Gilbert married, on 18 April 1808 at Northiam, Sussex, Mary Ann (1776–1845), daughter of Thomas Gilbert of Eastbourne and heir to substantial estates in Sussex. These estates passed to Giddy on the death of his wife's uncle in 1814 with a condition that the name of Gilbert be perpetuated. By royal sign manual Davies Giddy became Davies Gilbert on 10 December 1817 and the family names of his children were changed on 7 January 1818. Gilbert also inherited property in Cornwall on the death of his father. The marriage was Gilbert's resolution of intolerable problems created by the infatuation with him of Anna Beddoes, the wife of his best friend. She had declared her love for Gilbert some years earlier but he loved her as a sister. The fact that Gilbert became guardian to the Beddoes's children on her husband's death further complicated matters. But he willingly executed that trust, especially in the case of , whom he regarded as a son. Of the eight children from Gilbert's marriage, four predeceased him. The first child, Mary, was born on 14 February 1809 without a dura mater and lived a vegetative existence until her death on her seventeenth birthday. Their first son, Charles Davies, died in 1813 aged three, and their fifth child, a boy, died hours after birth the following year. Another daughter, Mary Susanna (b. 1816), died in 1834.

Gilbert was a significant figure in the scientific community of his day, though he published little of major importance. In the Quarterly Journal of Science (1821) and the Philosophical Transactions (1826, 1831) he published his mathematical investigations into the catenarian curve and suspension bridge design. Thomas Telford's plans for the Menai suspension bridge, and the strength of the bridge itself, were improved thanks to Gilbert's theoretical calculations of the relationship between the maximum tension in the main chains and the depth of curvature of the suspension. His methods remained in use for a century. Gilbert also published on other mathematical topics and on the efficiency of steam engines, producing some thirteen scientific papers in all.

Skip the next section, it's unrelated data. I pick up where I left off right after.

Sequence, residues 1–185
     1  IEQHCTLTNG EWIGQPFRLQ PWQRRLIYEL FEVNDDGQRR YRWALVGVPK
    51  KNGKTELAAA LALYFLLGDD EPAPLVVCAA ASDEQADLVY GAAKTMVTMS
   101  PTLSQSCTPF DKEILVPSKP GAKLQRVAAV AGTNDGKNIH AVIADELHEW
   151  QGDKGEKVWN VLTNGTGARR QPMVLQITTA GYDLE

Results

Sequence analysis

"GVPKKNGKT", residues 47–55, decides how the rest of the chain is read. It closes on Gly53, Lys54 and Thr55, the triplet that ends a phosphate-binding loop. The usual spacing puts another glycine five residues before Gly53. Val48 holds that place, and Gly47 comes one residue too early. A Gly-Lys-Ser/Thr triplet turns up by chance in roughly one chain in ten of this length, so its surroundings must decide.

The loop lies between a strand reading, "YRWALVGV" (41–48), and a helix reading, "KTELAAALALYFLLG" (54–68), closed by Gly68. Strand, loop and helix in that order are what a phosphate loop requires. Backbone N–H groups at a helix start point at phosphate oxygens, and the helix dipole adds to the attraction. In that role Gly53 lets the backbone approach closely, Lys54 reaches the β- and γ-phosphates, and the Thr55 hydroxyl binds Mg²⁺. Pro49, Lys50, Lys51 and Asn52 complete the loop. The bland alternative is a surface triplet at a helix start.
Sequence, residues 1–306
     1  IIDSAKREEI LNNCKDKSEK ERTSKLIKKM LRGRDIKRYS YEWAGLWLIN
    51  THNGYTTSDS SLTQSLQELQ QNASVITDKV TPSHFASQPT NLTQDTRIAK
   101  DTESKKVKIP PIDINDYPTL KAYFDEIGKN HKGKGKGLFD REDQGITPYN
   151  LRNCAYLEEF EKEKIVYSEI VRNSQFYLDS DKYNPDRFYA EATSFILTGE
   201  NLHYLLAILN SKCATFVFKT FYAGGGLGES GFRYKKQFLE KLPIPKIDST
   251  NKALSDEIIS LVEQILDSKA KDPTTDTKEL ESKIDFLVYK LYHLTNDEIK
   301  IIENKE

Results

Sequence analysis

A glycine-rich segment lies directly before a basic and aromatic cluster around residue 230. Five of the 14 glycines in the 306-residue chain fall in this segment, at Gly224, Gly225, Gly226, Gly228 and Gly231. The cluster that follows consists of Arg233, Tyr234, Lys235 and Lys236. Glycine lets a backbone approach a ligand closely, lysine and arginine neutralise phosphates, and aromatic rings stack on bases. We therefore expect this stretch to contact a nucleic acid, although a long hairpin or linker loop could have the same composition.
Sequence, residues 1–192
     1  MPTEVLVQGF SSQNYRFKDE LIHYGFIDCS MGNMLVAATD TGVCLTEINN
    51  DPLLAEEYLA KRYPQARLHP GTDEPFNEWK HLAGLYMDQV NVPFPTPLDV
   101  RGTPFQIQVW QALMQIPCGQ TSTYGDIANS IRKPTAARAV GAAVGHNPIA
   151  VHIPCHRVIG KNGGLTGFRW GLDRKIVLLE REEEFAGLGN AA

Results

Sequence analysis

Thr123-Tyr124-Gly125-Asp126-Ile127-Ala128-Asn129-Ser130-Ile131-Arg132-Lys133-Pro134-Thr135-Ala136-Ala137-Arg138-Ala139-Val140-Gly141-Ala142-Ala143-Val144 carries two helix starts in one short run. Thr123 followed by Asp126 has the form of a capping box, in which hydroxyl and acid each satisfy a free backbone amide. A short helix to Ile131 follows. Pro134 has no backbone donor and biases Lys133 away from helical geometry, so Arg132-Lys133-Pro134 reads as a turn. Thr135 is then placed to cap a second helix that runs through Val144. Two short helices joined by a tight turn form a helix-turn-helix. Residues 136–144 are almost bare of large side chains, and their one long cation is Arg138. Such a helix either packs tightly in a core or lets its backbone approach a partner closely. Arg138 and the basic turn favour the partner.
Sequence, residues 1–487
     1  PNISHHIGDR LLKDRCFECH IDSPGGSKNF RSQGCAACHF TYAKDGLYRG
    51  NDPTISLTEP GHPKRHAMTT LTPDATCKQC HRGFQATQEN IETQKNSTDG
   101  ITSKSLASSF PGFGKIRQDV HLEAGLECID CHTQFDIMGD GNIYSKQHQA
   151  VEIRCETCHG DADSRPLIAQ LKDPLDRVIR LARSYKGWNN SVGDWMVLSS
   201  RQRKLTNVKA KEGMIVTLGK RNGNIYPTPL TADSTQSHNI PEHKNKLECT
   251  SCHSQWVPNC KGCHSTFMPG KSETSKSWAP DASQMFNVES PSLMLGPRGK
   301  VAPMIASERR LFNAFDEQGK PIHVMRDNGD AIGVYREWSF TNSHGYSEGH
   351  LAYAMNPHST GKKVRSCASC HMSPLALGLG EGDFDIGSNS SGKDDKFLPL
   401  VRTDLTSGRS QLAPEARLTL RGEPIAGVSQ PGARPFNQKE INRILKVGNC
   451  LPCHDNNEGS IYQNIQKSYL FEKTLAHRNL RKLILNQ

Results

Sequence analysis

Elected a fellow of the Royal Society in 1791, Gilbert became a member of the Linnean Society in the following year. He was also a supporter of the Royal Institution, recommending Humphry Davy to its employ and maintaining close contact with Davy's work there. In 1814 he was a founder and first president of the Geological Society of Cornwall. His tireless parliamentary efforts on behalf of science and his service to the Royal Society persuaded its long serving president, Sir Joseph Banks, to appoint Gilbert as one of the vice-presidents of the society in 1819 and to nominate him as his successor in 1820. Forces of reform rumbled in the Royal Society too, and in Banks's view Gilbert seemed the man to resist them. But Gilbert's diffidence and the greater scientific claims of his protégé, Sir Humphry Davy, saw Davy elected president in 1820 with Gilbert serving as treasurer. Not until 1827, after Davy's resignation because of illness and after an unsuccessful attempt to interest Robert Peel in the presidency, did Gilbert take the chair. His presidency was dogged by infighting over reform and attacks upon the administration of the society, not least by Charles Babbage in his Reflections on the Decline of Science in England (1830). Finally the duke of Sussex (a son of George III) was elected president in 1830, an election which Gilbert had engineered amid cries of ‘borough-mongering’ from the reformers. As president, Gilbert had also been charged in the will of Francis Henry Egerton, eighth earl of Bridgewater, with the nomination of the authors of the Bridgewater Treatises and his choices became another source of controversy.